My choice as a practicing chemist is papers written which illustrate the actual pitfalls of science. Specifically, all those projects which for one reason or another burned through a graduate student, postdoc or two, or just got given up because of new data suggesting their impossibility, a change in scientific fashion, funding running out or the million and one other reasons why a project is halted before publication.


    “Some Got Away, but Others Didn't...”, Julius Rebek, Journal Organic Chemistry 69 (8), 2651 -2660, 2004

    "The perils of polynucleotides: the experimental gap between the design and assembly of unusual DNA structures," N. C. Seeman, , Proceedings of the Second Annual Workshop on DNA Based Computers, June 10-12, 1998


    Neither of the above are great examples of writing, but they are crucial modifiers to that old maxim: ‘history is written by the victors’. The above writers are victors, but at least they write about their failures. Usally all that is written about is success - this is how most of science is. Failure, surrounded by the odd piece of success.

    Does anyone know any more from other fields? Especially well written ones?
    posted by lalochezia at 3:45 PM on October 4, 2006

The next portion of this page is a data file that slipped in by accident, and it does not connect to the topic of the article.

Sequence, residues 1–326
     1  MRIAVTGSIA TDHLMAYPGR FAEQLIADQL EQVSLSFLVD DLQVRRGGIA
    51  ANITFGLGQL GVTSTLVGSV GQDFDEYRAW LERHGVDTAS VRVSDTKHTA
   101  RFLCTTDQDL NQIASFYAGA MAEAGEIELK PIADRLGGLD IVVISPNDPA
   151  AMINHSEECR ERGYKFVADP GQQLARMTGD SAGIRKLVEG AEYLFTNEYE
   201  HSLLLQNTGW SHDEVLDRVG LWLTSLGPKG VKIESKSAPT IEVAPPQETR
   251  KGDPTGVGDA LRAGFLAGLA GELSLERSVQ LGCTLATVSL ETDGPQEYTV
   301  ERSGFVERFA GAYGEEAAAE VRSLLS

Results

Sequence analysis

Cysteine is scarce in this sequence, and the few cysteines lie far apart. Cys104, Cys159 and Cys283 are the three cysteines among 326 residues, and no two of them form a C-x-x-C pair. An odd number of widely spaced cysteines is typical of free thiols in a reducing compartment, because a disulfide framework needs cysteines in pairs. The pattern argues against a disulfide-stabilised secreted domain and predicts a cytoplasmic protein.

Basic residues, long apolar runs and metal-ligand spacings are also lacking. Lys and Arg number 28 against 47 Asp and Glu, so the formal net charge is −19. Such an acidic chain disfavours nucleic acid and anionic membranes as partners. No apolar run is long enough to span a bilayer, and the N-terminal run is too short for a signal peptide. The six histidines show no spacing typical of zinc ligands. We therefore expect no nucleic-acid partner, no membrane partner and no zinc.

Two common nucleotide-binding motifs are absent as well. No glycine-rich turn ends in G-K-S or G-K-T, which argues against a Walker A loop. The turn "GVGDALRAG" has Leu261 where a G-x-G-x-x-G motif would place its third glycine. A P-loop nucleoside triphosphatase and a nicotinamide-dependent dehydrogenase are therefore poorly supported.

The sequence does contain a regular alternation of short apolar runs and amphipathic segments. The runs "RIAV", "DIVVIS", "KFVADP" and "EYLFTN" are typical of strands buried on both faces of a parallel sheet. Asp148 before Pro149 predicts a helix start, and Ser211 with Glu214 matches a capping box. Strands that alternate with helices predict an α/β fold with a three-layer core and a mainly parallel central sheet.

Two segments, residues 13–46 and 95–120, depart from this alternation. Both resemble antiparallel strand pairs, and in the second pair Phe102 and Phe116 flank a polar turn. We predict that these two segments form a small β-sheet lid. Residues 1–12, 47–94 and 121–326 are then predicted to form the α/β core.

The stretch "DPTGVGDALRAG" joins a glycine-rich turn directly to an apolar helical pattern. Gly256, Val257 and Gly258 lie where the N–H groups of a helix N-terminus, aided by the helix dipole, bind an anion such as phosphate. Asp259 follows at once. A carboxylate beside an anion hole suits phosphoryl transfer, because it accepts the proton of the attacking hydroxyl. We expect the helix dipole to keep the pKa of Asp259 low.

In CS we're lucky that the seminal work is recent enough that most of us were around when it was happening. I remember 1984; in particular,

    Reflections On Trusting Trust. Communication of the ACM, Vol. 27, No. 8 (Aug. 1984). This was Ken Thompson's 1984 Turing Award lecture, reprinted in CACM.

    Easy to read and understand by anyone with a basic knowledge of compilers and code. Read it at the ACM website: Reflections On Trusting Trust.

    And, of course, Einstein's Annus Mirabilis (1905) papers that turned all physics upside down (but I wasn't around when they were first published).
    posted by phliar at 7:59 AM on October 13, 2006


    Schismatic, More is Different is available online.
    posted by Chuckles at 6:32 AM on February 19, 2007